University of Minnesota Extension
www.extension.umn.edu
612-624-1222
Menu Menu

Extension > Minnesota Crop News > Plan Now for Successful Corn Planting

Friday, March 19, 2010

Plan Now for Successful Corn Planting

By Jeff Coulter, Extension Corn Agronomist

Coulter 3-19-10 Fig 1.jpg

With field work just around the corner, now is the time to evaluate decisions related to corn planting. Corn planting date studies from 1988 through 2003 conducted at the University of Minnesota Southwest Research and Outreach Center in Lamberton show that on average grain yield was maximized with an April 28 planting date, but planting dates ranging from April 21 to May 6 produced yields within 1% of the maximum (Figure 1). In central and northern Minnesota, optimum planting date windows generally begin a few days later. When corn planting is delayed beyond mid-May, yield potential is reduced rapidly.

Planting date

Coulter Photo 1 3-19-10.png
Figure 1. Response of corn grain yield to planting date from
1988 to 2003 at Lamberton, MN. Data are from Bruce Potter
and Steve Quiring.

Corn requires soil temperatures of 50 degrees F or higher for germination, and the amount of time from planting to emergence has been shown to be reduced from 24 days to 13 days when average soil temperature in the seed zone from planting to emergence increases from 51 to 54 degrees F (Nielsen, 2009). A greater amount of time for emergence increases the potential for stand establishment problems, but in very late April most agronomists agree that growers should ignore soil temperature and plant corn as soon as soils are fit, since warmer temperatures are expected soon afterwards.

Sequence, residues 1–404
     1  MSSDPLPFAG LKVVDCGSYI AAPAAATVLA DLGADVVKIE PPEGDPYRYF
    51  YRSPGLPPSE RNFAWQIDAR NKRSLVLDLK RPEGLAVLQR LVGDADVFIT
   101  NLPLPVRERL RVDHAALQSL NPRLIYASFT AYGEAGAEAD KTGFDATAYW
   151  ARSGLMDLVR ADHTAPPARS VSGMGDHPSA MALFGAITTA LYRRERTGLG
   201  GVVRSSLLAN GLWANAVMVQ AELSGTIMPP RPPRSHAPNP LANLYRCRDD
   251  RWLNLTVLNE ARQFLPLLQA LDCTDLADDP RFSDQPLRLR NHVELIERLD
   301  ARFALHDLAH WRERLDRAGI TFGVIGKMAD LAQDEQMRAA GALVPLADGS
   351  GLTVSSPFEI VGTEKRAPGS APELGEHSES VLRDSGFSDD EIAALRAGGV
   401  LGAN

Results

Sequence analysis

Timely planting also increases the amount of time for in-field grain drying prior to harvest, but the advantages of timely planting can be lost if planting occurs when soils are too wet. Sidewall smearing can occur on heavy soils when double-disk openers on the planter cut through wet soil, resulting in compacted soil around the seed that is difficult for seedling roots to penetrate. Seed furrows can also open up after heavy soil dries following wet conditions at planting. In general, a field is fit for seedbed preparation (Figure 2) if soil from the surface 3 to 4 inches breaks apart when pressed between your fingers rather than forming a ribbon or ball.

Thumbnail image for Coulter 3-19-10 Fig 3.jpg
Figure 2. Seedbed preparation in mid-April
of 2009 in southern Minnesota.

A firm seedbed at planting is critical for obtaining good seed-to-soil contact and establishment of roots that are located near the soil surface. A seedbed is too loose if your boots sink over one inch when walking through the field. At the same time, avoid excessive preplant tillage, which can result in surface crusting and emergence problems if heavy rainfall occurs prior to emergence. Excessive preplant tillage can also enhance wind erosion (Figure 3) and injure corn seedlings with blowing soil.

Coulter 3-19-10 Fig 4.jpg
Figure 3. Dry soil, limited surface residue
coverage, and strong winds after planting